Saint Paulina was born Amabile Visintainer in Italy in 1865. When she was eight years old, her poverty stricken parents sent her to work in a silk mill. At the age of ten her family moved to Brazil to escape the poverty cycle.

When she was twelve, Amabile took her first Holy Communion, and as her adolescence progressed she began doing works of charity, among them visiting the sick and teaching the catechism to children. Unable to take vows because her family needed her due to the death of her mother in childbirth in 1886, Amabile took care of her family home and her 12 siblings until her father remarried.

In 1890, Amabile and a friend were caring for a woman who was dying from cancer. Out of this act of love and charity grew the religious order The Congregation of the Little Sisters of the Immaculate Conception. In December of 1890, Amabile took her first vows as a religious and became Sister Paulina of the Agonizing Heart of Jesus. By 1903, Sister Paulina had been elected Mother Superior General of the order she helped to found, a lifelong post.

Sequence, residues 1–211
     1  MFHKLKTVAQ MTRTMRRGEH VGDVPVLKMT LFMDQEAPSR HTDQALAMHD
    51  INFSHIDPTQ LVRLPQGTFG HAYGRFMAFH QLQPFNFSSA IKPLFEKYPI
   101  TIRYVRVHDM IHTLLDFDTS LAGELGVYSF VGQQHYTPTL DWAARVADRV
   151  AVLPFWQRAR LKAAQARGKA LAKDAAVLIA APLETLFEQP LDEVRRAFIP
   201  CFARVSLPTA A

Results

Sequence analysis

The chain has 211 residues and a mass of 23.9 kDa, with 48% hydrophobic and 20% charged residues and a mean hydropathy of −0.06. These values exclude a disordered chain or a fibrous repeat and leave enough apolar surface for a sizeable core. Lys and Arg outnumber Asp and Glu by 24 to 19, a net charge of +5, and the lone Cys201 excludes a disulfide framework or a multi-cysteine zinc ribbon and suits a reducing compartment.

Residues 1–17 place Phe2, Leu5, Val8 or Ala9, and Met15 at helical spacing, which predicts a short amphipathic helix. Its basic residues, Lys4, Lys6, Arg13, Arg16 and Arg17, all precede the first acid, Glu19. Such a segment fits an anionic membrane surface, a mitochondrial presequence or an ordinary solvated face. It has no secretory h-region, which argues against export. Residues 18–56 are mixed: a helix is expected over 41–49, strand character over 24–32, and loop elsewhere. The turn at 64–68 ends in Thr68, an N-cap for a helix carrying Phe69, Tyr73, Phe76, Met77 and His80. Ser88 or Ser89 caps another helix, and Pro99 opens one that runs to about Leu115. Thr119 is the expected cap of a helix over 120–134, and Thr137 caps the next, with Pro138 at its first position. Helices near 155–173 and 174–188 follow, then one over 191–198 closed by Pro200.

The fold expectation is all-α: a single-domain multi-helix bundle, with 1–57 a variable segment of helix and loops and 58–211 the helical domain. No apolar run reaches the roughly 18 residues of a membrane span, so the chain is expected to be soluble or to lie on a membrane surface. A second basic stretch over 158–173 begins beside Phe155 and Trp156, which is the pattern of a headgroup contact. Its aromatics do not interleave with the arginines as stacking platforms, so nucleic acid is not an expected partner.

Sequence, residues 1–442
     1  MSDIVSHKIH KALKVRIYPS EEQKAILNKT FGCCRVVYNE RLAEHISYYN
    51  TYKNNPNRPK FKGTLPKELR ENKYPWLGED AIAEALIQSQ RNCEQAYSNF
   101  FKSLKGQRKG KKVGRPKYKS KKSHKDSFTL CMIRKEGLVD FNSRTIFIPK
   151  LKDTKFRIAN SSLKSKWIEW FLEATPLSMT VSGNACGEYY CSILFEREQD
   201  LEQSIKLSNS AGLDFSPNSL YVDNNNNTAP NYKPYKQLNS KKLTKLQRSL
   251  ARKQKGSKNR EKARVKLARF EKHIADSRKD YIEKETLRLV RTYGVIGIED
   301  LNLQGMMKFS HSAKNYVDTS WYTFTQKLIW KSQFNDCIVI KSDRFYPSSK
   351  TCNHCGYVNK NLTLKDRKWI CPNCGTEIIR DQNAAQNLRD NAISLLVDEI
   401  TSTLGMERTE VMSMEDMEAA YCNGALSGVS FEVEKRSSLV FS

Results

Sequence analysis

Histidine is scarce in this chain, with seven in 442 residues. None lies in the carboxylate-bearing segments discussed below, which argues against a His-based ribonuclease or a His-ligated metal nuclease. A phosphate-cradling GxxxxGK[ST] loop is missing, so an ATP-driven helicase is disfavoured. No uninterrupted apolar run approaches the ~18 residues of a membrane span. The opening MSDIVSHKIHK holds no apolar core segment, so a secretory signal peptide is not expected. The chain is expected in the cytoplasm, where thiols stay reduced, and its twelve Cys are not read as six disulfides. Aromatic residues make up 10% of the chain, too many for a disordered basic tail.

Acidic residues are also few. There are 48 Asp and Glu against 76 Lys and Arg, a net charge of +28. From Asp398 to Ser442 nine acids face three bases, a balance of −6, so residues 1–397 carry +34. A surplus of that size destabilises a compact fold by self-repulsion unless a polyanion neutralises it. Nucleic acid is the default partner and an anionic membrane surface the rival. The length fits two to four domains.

Unfortunately, this post was to be short lived, as there were disputes within the congregation. In 1909, the Archbishop relieved her of her position. Sister Paulina then went to work with the St. Vincent de Paul Society, working with the elderly and the ill.

Called back to the Congregation in 1918, she continued caring for the sick sisters, praying, and living a cloistered life.

Sister Paulina is the only saint known to have suffered with diabetes. In 1938 her eyesight began to fail and a cut on her finger led to gangrene and amputation of the finger. The gangrene continued to progress and her hand was amputated, then her arm. After these bouts of surgery, Sister Paulina also became blind. It was a combination of lung cancer and diabetes that eventually killed her, in 1942.

Saint Paulina is the first Brazilian saint.

There is something of a movement among Catholic diabetics to have Saint Paulina declared our patroness. As the only saint known to have lived and died with this disease, she is a logical choice for intercessor for those suffering the effects of diabetes. As a diabetic myself, I am a strong supporter of this movement and already ask Saint Paulina for her intercession and prayers every day.

The presence of God is so intimate to me that it seems impossible for me to lose it; and such presence gives my soul a joy which I can not describe.

-Saint Paulina


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